Project

Transparency and Accountability in Global Climate Governance

Transparency is one of the most widely touted concepts of our age, resonating across diverse global policy domains, including in the realm of sustainability. The driving force behind a transparency turn in global environmental governance is the unwavering belief in its potential to foster more accountable, democratic and effective sustainability actions and outcomes. Yet does transparency fulfil these promises? This project explores whether transparency is indeed a transformative force, including in climate governance.

Transparency and the Paris Agreement: The climate agreement adopted in Paris in December 2015 calls for a bottom-up ‘pledge-and-review’ approach to climate action, with an ‘enhanced transparency framework’ applicable to all countries envisioned to be a key pillar of the agreement. Through making visible who is doing what, transparency is assumed to be fundamental to holding countries to account for meeting their obligations, enhancing trust, and furthering fair and ambitious climate action. This research explores whether transparency indeed generates such transformative effects.

Transparency of land-based climate mitigation -- the politics of measuring, reporting and verification systems: Accounting for land-based mitigation, and the growing reliance on monitoring, reporting and verification (MRV) systems herein, are key sites of political contestation and negotiation in multilateral climate governance. Do MRV systems help to make visible, enhance accountability and improve climate-related performance?

Transparency in anticipatory governance of climate engineering: It is particularly urgent to examine the role of transparency and information disclosure in areas requiring anticipatory transparency, for example, governance of novel technologies such as geoengineering, where ex-ante governance is being contemplated in the face of extreme scientific uncertainty and normative and political conflict about the very nature of the governance challenge, as well as existence, nature and distribution of risk and harm.

International Conference:

Disclosing Sustainability: The Transformative Power of Transparency? (Including programme and videos)

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Publications:

Dooley, Kate, and Aarti Gupta. 2016. Governing by Expertise: the Contested Politics of (Accounting for) Land-Based Mitigation in a New Climate Agreement. International Environmental Agreements. Open Access, available here.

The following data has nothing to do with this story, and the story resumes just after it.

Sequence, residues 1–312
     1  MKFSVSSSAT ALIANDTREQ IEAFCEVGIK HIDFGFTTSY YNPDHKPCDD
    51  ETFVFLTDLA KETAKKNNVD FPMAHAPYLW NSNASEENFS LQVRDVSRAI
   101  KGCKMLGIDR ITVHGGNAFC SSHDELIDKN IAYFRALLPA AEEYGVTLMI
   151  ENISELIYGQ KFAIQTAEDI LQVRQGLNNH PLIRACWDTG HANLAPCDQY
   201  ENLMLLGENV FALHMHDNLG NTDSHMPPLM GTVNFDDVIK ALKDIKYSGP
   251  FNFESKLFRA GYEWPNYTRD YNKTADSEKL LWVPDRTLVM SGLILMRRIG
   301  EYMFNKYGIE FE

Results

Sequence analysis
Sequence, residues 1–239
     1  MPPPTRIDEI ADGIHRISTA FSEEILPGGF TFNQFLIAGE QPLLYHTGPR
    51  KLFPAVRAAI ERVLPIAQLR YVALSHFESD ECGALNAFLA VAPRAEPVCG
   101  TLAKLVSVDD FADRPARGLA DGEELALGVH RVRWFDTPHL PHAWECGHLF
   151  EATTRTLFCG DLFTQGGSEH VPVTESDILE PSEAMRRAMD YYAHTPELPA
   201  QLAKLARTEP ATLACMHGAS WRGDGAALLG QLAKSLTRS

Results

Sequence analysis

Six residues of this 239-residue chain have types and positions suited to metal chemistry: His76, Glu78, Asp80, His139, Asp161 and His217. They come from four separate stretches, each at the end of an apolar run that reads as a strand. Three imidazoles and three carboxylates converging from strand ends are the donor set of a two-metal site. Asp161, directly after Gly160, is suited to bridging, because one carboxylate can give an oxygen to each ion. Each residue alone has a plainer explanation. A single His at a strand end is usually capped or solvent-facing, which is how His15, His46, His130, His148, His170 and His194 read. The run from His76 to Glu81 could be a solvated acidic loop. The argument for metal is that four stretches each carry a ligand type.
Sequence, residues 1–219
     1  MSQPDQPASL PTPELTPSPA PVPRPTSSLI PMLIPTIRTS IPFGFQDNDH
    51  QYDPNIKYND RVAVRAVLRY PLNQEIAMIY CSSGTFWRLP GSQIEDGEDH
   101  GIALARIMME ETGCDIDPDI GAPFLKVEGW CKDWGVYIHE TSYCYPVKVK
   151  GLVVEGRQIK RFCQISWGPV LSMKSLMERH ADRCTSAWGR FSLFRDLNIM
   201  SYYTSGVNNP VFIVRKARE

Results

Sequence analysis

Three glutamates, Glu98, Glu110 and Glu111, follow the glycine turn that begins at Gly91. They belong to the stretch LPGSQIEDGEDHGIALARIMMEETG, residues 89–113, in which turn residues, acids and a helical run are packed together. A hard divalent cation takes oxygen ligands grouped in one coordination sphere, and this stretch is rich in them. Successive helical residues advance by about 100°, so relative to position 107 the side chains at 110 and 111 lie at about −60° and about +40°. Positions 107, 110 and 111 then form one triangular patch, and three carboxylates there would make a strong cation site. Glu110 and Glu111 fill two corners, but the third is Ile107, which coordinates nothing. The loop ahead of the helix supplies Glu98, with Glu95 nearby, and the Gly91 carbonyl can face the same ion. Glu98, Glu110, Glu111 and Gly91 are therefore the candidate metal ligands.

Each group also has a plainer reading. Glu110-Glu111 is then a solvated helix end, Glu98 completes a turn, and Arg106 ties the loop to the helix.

Gupta, Aarti and Michael Mason. 2016 Disclosing or Obscuring: the Politics of Transparency in Global Climate Governance, Current Opinion in Environmental Sustainability, 18: 82-90. Available here

Click here for a profile of this article as a research highlight by Nature Climate Change

Gupta, Aarti, and Michael Mason. 2015. Transparency (Making climate governance visible: the transformative potential of transparency?) Research Handbook of Climate Governance, edited by Karen Bäckstrand and Eva Lövbrand, pp. 446-457. Edward Elgar.

Gupta, Aarti, Till Pistorius and Marjanneke J. Vijge. 2016. Managing Fragmentation in Global Environmental Governance: the REDD+ Partnership as Bridge Organization. International Environmental Agreements, 16, 3, 355–374. Open Access, available here.

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Gupta, Aarti, Marjanneke J. Vijge, Esther Turnhout, and Till Pistorius. 2014. Making REDD+ Transparent: the Politics of Measuring, Reporting and Verification systems. In Transparency in Global Environmental Governance: Critical Perspectives, edited by Aarti Gupta and Michael Mason, pp. 181-201. Cambridge (MA): MIT Press

Gupta, Aarti, Eva Lövbrand, Esther Turnhout and Marjanneke Vijge, 2012. In Pursuit of Carbon Accountability: the Politics of REDD+ Measuring, Reporting and Verification Systems. Current Opinion in Environmental Sustainability, 4, 6: 726-731. Available here

Biermann, Frank, and Aarti Gupta. 2011. Accountability and Legitimacy in Earth System Governance: a Research Framework. Ecological Economics, 70, 11:1856-1864. Available here